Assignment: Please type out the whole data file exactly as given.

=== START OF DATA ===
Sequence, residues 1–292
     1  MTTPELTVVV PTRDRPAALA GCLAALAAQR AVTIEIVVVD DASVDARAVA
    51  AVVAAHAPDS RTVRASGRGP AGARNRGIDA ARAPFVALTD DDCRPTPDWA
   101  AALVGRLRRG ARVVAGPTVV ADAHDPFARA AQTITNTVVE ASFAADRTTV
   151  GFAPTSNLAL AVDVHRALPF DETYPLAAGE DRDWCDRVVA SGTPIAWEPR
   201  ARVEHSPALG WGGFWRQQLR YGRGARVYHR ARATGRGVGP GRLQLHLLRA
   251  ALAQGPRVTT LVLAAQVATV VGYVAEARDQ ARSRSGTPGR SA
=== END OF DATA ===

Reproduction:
Sequence, residues 1–292
     1  MTTPELTVVV PTRDRPAALA GCLAALAAQR AVTIEIVVVD DASVDARAVA
    51  AVVAAHAPDS RTVRASGRGP AGARNRGIDA ARAPFVALTD DDCRPTPDWA
   101  AALVGRLRRG ARVVAGPTVV ADAHDPFARA AQTITNTVVE ASFAADRTTV
   151  GFAPTSNLAL AVDVHRALPF DETYPLAAGE DRDWCDRVVA SGTPIAWEPR
   201  ARVEHSPALG WGGFWRQQLR YGRGARVYHR ARATGRGVGP GRLQLHLLRA
   251  ALAQGPRVTT LVLAAQVATV VGYVAEARDQ ARSRSGTPGR SA